Celebrating 78 Years of Social Security
It's August 14 and that means it is Social Security's birthday! The program has been around for 78 years, providing retirement security to the elderly and support for the disabled. But the demographics have changed over the past 78 years and financial projections clearly show that reforms will be needed to ensure the program can continue to provide those benefits.
As we discussed in our analysis of the latest Social Security Trustees Report, the combined trust fund is due to become insolvent as early as 2033. At this time, benefits will need to be cut by 23 percent to match revenues. This year's projections were similar to last year's, with a 75-year actuarial shortfall now at 2.72 percent of payroll (0.98 percent of GDP) from the 2.67 percent of payroll (0.96 percent of GDP) mark in last year's report. However, another lost year gives us less time to slowly phase-in the changes need to restore solvency for the program.
While the gap needed to be made up is significant, there are many options that lawmakers could consider that could make the program solvent. CRFB has developed a useful tool, The Reformer, which allows users to select from a variety of revenue and benefit options will the goal making the program sustainably solvent, closing the gap between revenue and spending over 75 years and in the 75th year. We've even used the Reformer to show the effects of Social Security reform plans from Simpson-Bowles, Domenici-Rivlin, the National Academy of Social Insurance, Rep. Jason Chaffetz (R-UT), and Rep. Gwen Moore (D-WI).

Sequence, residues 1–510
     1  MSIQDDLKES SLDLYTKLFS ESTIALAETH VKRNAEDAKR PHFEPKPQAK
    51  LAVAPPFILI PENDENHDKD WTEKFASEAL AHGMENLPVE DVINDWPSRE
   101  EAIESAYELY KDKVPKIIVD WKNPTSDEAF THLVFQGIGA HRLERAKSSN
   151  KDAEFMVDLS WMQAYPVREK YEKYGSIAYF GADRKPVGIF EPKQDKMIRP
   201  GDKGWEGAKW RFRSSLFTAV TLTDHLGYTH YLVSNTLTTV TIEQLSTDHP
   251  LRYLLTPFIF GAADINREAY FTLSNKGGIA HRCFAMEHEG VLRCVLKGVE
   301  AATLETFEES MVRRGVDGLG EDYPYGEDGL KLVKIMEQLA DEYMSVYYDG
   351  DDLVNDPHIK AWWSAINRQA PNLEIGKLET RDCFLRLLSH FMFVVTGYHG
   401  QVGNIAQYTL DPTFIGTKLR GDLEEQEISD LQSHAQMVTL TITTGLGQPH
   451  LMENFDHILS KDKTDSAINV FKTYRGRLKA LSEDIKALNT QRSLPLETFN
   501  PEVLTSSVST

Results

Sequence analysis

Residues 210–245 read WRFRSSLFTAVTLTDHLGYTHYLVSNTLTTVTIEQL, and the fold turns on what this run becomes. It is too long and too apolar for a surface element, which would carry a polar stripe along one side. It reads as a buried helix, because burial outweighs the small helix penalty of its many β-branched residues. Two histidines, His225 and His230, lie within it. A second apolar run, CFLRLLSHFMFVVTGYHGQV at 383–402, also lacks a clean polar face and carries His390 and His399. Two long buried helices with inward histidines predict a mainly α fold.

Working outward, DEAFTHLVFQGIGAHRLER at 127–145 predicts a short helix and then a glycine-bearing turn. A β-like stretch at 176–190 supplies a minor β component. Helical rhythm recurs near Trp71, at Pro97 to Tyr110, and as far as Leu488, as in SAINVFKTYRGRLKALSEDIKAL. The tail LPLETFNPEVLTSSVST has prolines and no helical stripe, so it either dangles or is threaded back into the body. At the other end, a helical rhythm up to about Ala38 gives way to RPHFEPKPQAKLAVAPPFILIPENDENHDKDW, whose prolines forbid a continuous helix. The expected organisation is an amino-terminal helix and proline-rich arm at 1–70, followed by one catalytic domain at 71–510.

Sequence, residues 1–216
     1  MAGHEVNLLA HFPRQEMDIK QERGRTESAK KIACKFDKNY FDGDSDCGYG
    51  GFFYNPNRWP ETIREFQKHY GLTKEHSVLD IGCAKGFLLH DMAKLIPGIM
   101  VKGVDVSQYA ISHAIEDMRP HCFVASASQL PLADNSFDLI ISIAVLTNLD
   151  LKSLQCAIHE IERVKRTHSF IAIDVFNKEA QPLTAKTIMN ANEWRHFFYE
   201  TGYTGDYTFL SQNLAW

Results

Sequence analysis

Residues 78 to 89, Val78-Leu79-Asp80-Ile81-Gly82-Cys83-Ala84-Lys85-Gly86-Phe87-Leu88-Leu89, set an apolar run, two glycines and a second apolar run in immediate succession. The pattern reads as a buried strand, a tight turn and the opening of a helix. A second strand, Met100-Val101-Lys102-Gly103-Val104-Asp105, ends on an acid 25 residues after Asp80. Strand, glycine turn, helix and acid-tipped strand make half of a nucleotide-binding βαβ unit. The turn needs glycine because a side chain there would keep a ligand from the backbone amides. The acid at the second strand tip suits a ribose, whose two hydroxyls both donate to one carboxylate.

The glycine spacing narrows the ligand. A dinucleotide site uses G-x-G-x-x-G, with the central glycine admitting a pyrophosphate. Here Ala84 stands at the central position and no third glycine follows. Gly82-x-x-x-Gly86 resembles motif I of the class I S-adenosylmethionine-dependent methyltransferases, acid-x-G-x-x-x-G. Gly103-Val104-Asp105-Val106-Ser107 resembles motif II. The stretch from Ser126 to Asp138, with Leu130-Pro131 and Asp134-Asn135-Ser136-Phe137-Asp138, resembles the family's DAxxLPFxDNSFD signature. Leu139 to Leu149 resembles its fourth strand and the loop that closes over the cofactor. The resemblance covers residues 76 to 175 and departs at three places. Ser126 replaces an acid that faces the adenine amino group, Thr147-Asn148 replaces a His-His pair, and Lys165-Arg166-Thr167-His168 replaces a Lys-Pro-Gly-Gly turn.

Social Security is one of the most important programs in the federal government. But each passing year forfeits an opportunity to enact phased-in, gradual changes that allow beneficiaries and taxpayers time to adjust. With the Disability Insurance portion of the program due to become insolvent by 2016, Washington will need to make some decisions about the future of Social Security. Try The Reformer and develop your own plan to make the program sustainable for generations to come.